The one I um and ah about is whether to get one of those fibre spoke temporary repair things.

I like the idea, but CJ gave it such a poor rating when he reviewed it a few years ago I haven't bothered.
Review here
https://www.cyclinguk.org/sites/default ... -rides.pdf

I note that CJ's review of the fibre spoke reads like he used the regular spoke nipple, but it now seems that an extra long nipple is now supplied.
It seems that they may have read the review and taken action.

Since there's a double line to the hub, you can also poke a stick, or the broken spoke, in, and add further tension by twisting the cord, spanish windlass style.

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mjr
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Re: Carrying spares - how far do you go?

Postby mjr » 15 Dec 2020, 12:29am

PH wrote:
mjr wrote:I don't carry spare tyres or derailleur hanger.

Have you seen just how many types there are? Considering it's designed to be sacrificial and the odds against finding a replacement at most bikes shops, it's on my list way above those things I know are more likely to be available.

That may be a sensible choice but my usual touring bike doesn't even have a derailleur, and I'm pretty sure the only derailleur bike I might tour on predates hangers.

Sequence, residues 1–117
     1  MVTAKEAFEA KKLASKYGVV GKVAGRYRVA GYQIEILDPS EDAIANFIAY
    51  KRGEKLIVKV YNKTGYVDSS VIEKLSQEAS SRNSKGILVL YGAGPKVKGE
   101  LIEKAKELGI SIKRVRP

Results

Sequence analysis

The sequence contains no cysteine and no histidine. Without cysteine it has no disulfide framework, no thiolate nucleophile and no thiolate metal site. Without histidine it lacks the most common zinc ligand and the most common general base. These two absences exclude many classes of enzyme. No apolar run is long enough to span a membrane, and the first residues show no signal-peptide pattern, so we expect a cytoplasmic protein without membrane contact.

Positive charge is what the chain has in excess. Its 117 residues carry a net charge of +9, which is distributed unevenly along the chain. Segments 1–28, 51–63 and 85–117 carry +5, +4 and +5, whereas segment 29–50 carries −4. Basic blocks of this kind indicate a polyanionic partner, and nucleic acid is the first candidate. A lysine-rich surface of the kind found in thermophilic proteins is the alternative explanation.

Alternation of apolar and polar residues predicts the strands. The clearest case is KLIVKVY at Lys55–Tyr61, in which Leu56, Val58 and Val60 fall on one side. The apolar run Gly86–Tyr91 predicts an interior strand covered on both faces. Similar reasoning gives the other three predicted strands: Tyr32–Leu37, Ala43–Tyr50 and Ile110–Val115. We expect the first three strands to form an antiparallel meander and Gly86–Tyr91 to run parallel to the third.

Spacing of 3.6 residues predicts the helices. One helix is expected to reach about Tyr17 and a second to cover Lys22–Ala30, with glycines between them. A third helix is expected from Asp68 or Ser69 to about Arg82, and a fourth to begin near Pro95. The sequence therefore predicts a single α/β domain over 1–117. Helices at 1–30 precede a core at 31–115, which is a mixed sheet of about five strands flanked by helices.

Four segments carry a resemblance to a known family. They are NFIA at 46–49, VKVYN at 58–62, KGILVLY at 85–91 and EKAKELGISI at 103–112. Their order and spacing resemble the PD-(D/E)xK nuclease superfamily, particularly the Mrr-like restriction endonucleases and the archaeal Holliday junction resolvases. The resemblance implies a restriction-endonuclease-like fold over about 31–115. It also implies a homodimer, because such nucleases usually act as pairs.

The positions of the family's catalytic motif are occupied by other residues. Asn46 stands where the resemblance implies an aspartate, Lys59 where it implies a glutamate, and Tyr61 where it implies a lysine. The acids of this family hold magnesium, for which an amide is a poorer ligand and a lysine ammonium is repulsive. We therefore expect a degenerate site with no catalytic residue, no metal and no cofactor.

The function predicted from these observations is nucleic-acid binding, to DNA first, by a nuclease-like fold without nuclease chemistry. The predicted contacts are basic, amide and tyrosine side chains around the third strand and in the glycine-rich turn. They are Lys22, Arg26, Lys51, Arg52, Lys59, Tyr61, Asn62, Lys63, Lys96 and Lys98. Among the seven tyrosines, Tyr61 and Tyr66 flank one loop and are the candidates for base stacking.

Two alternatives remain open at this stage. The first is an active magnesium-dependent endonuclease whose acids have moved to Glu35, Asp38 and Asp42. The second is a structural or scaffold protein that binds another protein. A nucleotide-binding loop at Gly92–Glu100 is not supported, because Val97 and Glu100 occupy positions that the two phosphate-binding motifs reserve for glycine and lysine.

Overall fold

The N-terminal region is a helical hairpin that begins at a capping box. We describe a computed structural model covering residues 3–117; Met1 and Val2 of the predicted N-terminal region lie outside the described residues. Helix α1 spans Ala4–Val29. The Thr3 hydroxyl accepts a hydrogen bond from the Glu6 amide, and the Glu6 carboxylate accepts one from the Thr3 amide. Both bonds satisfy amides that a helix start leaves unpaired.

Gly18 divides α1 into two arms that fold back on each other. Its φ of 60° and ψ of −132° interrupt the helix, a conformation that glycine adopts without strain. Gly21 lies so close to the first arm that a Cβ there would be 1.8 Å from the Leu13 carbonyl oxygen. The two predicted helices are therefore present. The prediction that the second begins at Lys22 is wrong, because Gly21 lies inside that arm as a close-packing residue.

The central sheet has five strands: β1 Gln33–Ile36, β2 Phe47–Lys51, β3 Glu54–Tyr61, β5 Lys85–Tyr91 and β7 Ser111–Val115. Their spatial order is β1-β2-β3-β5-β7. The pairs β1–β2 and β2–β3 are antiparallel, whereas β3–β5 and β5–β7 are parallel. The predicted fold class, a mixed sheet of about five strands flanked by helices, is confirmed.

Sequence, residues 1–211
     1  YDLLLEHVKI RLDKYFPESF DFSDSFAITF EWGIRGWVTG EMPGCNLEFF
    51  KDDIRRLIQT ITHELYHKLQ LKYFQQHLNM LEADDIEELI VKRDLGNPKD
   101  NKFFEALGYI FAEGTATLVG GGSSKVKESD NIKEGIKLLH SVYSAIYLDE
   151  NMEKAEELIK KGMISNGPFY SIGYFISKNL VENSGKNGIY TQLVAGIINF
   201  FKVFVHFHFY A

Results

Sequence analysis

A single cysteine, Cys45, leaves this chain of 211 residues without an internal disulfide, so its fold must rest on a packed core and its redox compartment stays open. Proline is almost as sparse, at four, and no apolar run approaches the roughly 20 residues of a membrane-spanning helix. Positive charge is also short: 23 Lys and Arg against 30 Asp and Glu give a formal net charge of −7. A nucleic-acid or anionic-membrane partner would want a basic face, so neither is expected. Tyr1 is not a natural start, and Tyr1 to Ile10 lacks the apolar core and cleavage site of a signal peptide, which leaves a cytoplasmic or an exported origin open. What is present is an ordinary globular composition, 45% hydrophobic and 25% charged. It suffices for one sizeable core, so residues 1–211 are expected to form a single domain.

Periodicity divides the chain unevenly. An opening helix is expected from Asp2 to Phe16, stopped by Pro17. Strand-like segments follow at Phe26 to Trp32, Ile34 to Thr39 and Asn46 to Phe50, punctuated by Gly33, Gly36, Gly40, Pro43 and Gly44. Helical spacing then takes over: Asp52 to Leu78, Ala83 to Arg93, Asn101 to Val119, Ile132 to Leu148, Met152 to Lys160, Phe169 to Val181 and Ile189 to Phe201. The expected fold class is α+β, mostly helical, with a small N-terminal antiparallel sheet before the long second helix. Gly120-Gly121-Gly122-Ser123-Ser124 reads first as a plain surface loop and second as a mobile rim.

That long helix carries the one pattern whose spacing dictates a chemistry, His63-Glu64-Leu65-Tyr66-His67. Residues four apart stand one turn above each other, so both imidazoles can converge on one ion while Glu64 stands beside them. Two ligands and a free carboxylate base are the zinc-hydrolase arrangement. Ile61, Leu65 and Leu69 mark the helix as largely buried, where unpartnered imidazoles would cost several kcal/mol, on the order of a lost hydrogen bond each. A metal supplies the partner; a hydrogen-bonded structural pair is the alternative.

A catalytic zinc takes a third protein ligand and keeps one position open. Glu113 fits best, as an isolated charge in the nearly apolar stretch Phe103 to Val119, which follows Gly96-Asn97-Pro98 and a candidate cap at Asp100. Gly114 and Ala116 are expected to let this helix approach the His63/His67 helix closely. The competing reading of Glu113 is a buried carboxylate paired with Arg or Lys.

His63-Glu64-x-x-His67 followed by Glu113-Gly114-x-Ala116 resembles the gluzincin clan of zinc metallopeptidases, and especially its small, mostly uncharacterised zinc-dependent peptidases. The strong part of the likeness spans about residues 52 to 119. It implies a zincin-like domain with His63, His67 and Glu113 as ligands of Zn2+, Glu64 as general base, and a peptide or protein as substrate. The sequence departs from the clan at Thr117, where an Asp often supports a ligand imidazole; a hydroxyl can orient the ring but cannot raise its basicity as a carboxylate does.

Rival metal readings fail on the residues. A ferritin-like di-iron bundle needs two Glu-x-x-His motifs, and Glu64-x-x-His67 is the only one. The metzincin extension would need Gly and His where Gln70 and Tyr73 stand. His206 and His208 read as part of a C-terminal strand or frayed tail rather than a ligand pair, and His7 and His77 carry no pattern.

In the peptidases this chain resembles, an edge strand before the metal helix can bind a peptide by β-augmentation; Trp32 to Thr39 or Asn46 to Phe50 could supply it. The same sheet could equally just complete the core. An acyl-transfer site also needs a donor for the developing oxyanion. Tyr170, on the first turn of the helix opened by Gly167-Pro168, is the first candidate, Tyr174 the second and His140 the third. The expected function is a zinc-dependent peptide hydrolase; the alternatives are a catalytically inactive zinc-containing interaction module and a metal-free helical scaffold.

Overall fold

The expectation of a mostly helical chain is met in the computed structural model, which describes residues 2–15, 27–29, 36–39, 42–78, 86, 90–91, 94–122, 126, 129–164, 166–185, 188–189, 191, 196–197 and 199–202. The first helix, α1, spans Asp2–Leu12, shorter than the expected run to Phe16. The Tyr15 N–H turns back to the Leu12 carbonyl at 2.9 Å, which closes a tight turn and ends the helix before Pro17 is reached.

MJR, mostly pedalling 3-speed roadsters. KL+West Norfolk BUG incl social easy rides http://www.klwnbug.co.uk
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Brucey
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Re: Maintenance and toolkit when touring

Postby Brucey » 15 Dec 2020, 1:14am

online review of fiberfix spoke;

Great for tying things up
By *******
Aug 2019
5 / 5 I recommend this product

e.g. my wife when she whinged about me buying bike bits.
Probably works as an emergency spoke too


The best thing is to have reliable wheels that don't break spokes in the first place.
IME if you carry spare spokes and a means of removing the cassette, this pretty much guarantees that you won't need them.

cheers
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~~~~~~~~~~~~~~~~~~~~~~Brucey~~~~~~~~~~~~~~~~~~~~~~~~